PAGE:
EU and U.S. Non-Reciprocal Preferences: Maintaining the Acquis
In the light of the disparity of bargaining leverage in FTA negotiations between the EU or the U.S. and developing countries, this article presents a legal mechanism to maintain the status quo, that is, the acquis of current trade arrangements. On the basis of the test established in the EC-Tariff Preferences case, it is argued that the Enabling Clause allows for differentiation between developing countries on the basis of their levels of intra-regional trade. A scheme is then constructed which allows the EU and the U.S. to differentiate in favor of current beneficiaries of non-reciprocal trade preference schemes in this way. This allows the EU and the U.S. to maintain the acquis without making radical changes to their trade and development policy. Where the status quo is an option, developing countries involved in FTA negotiations would have a feasible best alternative to a negotiated agreement (BATNA) to replace the current alternative of a significant reduction of market access to the EU or the U.S. While the maintenance of the status quo is up to the industrialized country in question, given that the trade preferences are unilateral in nature, the scheme constructed debunks the myth that there is a legal requirement to replace the current arrangements by reciprocal trade agreements in the absence of a waiver.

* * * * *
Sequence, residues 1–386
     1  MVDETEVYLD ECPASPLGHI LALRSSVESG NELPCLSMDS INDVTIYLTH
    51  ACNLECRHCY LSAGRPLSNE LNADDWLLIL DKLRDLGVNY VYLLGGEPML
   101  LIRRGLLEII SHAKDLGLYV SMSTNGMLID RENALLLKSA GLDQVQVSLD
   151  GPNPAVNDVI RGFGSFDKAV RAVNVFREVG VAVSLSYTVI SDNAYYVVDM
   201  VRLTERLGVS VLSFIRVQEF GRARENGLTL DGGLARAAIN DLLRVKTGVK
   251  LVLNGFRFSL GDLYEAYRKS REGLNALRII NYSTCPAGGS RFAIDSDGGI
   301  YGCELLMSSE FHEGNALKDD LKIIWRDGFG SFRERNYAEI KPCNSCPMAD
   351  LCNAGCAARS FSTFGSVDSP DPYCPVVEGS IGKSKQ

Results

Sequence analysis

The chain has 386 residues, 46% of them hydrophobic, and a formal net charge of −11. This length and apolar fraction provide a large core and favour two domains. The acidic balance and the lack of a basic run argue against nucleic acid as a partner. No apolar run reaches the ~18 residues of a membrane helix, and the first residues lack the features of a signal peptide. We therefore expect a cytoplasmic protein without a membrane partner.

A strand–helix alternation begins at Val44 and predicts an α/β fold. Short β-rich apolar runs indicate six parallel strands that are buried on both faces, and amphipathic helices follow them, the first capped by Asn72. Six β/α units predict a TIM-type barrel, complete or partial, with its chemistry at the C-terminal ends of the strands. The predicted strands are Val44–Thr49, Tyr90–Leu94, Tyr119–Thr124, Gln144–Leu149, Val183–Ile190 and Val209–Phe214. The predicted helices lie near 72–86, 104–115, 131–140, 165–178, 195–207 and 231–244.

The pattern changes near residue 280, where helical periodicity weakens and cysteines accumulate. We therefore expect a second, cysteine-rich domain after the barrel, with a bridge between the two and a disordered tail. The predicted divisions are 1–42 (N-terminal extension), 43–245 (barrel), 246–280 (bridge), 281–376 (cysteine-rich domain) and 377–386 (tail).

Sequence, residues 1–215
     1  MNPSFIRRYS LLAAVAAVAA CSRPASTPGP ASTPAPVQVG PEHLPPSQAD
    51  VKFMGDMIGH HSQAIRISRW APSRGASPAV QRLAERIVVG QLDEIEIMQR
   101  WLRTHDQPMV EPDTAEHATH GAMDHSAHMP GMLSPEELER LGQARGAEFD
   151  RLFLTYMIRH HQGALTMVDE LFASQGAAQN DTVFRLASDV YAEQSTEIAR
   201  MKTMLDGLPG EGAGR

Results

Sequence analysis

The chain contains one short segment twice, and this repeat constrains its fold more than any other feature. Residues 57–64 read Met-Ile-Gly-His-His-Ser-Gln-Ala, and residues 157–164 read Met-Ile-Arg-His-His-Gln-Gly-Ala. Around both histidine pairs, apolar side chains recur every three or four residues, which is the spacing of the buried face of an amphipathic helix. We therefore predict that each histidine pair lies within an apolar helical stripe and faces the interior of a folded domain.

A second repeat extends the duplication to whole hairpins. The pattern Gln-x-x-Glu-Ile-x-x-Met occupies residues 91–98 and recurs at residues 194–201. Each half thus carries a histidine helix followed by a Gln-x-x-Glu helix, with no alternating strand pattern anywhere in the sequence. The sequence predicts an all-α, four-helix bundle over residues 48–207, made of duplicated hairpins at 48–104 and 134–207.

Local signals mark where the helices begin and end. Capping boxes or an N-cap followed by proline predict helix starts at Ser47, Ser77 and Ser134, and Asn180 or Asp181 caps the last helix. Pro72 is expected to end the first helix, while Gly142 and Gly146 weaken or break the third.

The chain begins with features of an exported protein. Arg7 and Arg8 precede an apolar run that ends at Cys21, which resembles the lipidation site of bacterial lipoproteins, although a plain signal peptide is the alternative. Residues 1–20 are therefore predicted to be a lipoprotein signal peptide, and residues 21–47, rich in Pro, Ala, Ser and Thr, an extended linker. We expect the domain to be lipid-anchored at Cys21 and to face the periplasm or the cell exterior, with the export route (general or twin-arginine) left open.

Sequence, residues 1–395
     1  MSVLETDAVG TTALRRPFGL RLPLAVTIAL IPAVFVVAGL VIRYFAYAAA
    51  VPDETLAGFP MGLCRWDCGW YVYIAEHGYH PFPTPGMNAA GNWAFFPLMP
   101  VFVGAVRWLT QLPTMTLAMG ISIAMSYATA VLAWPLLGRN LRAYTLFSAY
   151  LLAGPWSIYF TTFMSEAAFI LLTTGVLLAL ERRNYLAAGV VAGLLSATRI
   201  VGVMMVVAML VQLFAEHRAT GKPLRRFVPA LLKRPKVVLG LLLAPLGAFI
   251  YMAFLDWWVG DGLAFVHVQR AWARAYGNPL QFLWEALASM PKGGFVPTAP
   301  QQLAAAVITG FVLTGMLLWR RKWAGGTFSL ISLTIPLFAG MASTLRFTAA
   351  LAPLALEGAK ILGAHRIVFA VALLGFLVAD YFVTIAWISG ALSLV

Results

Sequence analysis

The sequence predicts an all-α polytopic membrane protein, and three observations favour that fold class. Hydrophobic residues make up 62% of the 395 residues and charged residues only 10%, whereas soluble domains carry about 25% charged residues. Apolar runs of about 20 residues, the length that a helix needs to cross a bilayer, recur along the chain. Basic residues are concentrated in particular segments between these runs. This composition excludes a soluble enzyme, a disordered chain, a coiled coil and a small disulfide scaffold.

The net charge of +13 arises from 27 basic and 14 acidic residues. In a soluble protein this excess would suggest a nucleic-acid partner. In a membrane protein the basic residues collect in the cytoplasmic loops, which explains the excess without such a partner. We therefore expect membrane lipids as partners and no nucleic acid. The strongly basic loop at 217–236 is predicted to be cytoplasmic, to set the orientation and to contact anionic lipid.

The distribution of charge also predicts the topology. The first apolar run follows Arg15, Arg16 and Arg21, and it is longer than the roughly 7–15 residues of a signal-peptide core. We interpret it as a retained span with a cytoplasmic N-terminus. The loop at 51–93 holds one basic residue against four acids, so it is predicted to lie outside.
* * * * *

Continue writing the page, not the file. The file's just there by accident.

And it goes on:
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Volume (Year): 3 (2010)
Issue (Month): 1 (April)
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References listed on IDEAS
Please report citation or reference errors to , or , if you are the registered author of the cited work, log in to your RePEc Author Service profile, click on "citations" and make appropriate adjustments.:
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- Wainio, John & Shapouri, Shahla & Trueblood, Michael A. & Gibson, Paul R., 2005. "Agricultural Trade Preferences and the Developing Countries," Economic Research Report 7258, United States Department of Agriculture, Economic Research Service.
- Estevadeordal, Antoni & Suominen, Kati, 2009. "The Sovereign Remedy?: Trade Agreements in a Globalizing World," OUP Catalogue, Oxford University Press, number 9780199550159.
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